Navigating the Emergent Process

The emergent process is often described as the way to deal with the ambiguity and uncertainty of complex problems. It is the opportunity to navigating the messy parts of usually social and systemic issues that are most commonly known in the design thinking world as “wicked problems” Wicked problems are problems that don’t stop moving and changing to be solved for. They are rapidly changing problems and therefore the solution must be adaptive and iterative to respond and react appropriately.The key is to work on pinning down the problem for long enough to propose a solution and recognizing that the solution is a piece of a much bigger puzzle.

It all starts with a single question. What if? How might we? I wonder? This curiosity can lead to many places.

The best example we have heard lately is that putting a man on the moon is not a complex or wicked problem. It is a technical problem. It requires specific expertise and planning. The details may change, but the outcome is the pre-determined.

However, something like education or healthcare is a complex or wicked problem. You cannot stop these systems from operating, there are many ways to decipher the future state of these systems and therefore many ways to interact and understand the problem.

We have learned a few lessons and wanted to share them as part of our ongoing learning:

1. Understanding Stakeholders

We strive to work in collaborations where the stakeholders are at the table, part of the decision-making process and can see themselves as part of the design and implementation. Our goal is to create engagement and ownership. Within in this principle we have to recognize how we are understanding stakeholders, who we see as having power, the relationships between stakeholders and the expectations that come along with that. We struggle to adhere to the status quo and often find ourselves challenging power dynamics. Ultimately, trust is the largest asset to be gained and lost by understanding stakeholders.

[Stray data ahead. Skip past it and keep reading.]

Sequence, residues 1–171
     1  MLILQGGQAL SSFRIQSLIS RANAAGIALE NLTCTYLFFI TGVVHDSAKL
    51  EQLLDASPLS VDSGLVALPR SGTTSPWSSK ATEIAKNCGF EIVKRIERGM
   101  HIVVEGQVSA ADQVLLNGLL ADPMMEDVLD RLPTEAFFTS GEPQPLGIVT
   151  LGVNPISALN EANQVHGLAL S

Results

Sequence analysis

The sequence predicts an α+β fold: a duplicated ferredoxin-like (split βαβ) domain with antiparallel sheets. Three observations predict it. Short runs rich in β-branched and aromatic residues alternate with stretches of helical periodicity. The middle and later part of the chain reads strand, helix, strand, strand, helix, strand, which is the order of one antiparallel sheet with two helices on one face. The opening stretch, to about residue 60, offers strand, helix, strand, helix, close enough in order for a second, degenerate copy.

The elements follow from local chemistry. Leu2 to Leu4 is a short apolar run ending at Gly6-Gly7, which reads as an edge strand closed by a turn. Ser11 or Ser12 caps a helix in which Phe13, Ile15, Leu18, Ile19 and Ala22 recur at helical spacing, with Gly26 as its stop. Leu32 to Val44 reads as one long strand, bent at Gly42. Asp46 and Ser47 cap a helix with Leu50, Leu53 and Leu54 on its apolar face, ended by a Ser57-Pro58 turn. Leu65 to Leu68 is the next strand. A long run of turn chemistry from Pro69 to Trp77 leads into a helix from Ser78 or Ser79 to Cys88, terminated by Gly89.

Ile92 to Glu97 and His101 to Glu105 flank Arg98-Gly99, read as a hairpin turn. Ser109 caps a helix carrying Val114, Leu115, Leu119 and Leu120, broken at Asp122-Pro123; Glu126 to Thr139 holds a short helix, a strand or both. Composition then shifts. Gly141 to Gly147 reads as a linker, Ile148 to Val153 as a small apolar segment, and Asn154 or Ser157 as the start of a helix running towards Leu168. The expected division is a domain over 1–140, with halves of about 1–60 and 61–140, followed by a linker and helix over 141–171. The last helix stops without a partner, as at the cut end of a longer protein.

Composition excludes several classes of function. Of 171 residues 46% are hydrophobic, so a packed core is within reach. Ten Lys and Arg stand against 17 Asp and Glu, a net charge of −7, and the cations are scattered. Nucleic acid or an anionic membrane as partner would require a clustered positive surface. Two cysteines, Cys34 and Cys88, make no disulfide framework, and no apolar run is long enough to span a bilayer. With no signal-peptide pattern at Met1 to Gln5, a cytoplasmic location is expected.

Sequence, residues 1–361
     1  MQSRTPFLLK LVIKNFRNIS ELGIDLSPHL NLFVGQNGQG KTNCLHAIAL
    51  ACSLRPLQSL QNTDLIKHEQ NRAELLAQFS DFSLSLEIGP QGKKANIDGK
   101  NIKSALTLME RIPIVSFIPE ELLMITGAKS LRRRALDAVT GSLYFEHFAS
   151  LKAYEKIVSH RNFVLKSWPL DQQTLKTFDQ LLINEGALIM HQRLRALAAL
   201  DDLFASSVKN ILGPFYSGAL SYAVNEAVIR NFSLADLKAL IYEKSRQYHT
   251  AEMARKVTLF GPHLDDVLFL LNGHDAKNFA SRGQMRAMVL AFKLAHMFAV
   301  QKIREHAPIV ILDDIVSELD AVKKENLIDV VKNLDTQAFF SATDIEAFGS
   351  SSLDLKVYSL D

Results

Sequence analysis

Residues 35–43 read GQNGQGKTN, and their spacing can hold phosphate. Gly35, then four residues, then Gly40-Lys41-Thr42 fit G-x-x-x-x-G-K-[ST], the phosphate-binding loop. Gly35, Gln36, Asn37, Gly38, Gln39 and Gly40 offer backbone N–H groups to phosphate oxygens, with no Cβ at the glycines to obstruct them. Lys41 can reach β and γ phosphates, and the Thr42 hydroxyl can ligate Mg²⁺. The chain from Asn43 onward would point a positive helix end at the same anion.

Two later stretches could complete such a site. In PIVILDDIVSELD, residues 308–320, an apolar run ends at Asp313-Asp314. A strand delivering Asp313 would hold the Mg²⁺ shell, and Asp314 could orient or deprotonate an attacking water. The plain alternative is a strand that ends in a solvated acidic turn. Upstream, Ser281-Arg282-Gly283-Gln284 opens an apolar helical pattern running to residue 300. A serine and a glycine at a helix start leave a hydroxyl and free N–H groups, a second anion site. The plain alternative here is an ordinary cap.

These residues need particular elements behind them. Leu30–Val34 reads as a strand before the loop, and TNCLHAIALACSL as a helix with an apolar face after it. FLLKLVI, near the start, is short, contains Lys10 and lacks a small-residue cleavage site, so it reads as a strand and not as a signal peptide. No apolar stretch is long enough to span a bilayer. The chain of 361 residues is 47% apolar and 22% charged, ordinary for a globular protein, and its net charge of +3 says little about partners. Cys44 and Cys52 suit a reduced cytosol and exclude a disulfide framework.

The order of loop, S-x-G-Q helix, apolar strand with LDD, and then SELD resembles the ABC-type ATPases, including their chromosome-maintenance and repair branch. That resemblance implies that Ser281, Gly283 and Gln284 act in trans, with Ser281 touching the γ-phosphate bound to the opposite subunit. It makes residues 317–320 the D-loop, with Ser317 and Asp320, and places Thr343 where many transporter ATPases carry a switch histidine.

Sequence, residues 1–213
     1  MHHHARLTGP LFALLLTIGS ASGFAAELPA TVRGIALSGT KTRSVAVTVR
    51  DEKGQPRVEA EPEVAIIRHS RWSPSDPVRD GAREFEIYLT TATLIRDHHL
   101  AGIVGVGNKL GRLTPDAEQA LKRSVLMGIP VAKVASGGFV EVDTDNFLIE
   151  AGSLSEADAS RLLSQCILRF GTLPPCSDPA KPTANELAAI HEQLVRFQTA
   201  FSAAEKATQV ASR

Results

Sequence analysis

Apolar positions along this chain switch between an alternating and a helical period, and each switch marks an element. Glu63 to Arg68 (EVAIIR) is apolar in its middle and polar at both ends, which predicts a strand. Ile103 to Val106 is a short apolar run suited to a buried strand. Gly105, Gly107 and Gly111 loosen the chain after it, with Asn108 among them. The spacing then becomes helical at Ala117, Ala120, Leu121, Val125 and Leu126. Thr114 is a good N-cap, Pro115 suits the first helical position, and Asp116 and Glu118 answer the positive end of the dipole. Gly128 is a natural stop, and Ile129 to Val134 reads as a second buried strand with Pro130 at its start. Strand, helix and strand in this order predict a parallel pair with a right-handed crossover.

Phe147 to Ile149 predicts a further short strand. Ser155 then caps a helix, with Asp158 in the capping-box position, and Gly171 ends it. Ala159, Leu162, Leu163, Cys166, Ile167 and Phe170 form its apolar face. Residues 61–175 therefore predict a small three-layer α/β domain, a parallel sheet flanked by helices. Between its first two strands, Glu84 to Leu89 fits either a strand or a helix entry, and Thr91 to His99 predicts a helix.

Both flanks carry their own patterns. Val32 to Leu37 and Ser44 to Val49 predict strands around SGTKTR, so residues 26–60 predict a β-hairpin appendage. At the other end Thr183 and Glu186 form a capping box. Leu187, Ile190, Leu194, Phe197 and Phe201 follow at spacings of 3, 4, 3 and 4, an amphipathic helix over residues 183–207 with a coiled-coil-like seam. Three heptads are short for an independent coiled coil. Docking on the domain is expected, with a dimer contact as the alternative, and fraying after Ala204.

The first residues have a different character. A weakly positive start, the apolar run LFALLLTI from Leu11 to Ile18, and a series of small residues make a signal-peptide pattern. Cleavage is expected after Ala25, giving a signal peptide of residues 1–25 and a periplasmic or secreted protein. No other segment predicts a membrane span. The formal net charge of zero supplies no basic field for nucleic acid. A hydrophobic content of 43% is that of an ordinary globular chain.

2. Balancing Decision-Making

While working in collaborations with stakeholders the negotiation of decision-making is inherently at the forefront of each conversation as it can make or break the ownership we have worked to achieve. When we engage in a co-design relationship with our collaborators we have to be clear what that means and how decisions will impact our collaborators and the stakeholders. What does it really mean to be co-designing? Who is really making the call? If a decision is made that is in tension with what stakeholders have said, how will that be communicated and evaluated later on? We recognize that time, pressure and expectations can counter intentions for co-design and so we are working to document when and where that is happening.


3. Embracing Messiness

Messiness, discomfort, awkwardness, uncertainty, unfamiliarity…whatever you want to call it, it is where the magic happens. We know it best as the ambiguity that we have to work to push towards and through to get to a solution that makes sense for this set of stakeholders, this moment in time and these circumstances. Our challenge is being able to walk people into the fog and convince them that there is certainty in the uncertainty. We battle with our collaborators desire to let their inner control freak come out when it starts to get messy. We are working on creating the safe space to help ourselves and others work in this awkwardness.


Being able to work this way is sometimes seen as a luxury of time and resources and we have to wonder ask ourselves if we see another way of doing this work and if we can really afford to keep doing things the way always have. It seems fitting to put an Albert Einstein quote here.

Albert Einstein

Question. Provoke. Evolve.

The Purpose of Ice Cream

In March, we hosted a series of design thinking workshops. It was a workshop heavy month and one resounding question emerged, “What is the purpose of ice cream?”

Having put on a bunch of workshops like these, we like to play with different design challenges each time for the group. It is not something we choose arbitrarily, but actually something we discuss a lot and very intentionally put forward. For the whole month of March, for every workshop we did was centred around ice cream.


Why ice cream? 

Our goal during design thinking workshops is for participants to walk away with tools that they can bring into their everyday work and lives and we have found if you are too close to the design challenge that you spend most of your time actually getting worked up with solving the problem rather than learning how to approach solving the problem.


We are really good at solving problems. 

We do it everyday. It is in our nature. In fact, we can almost always come up with a solution. Our quest is to have you question what the problem is so that you can better define what it is you are trying to achieve before coming up with the solution. This is our work.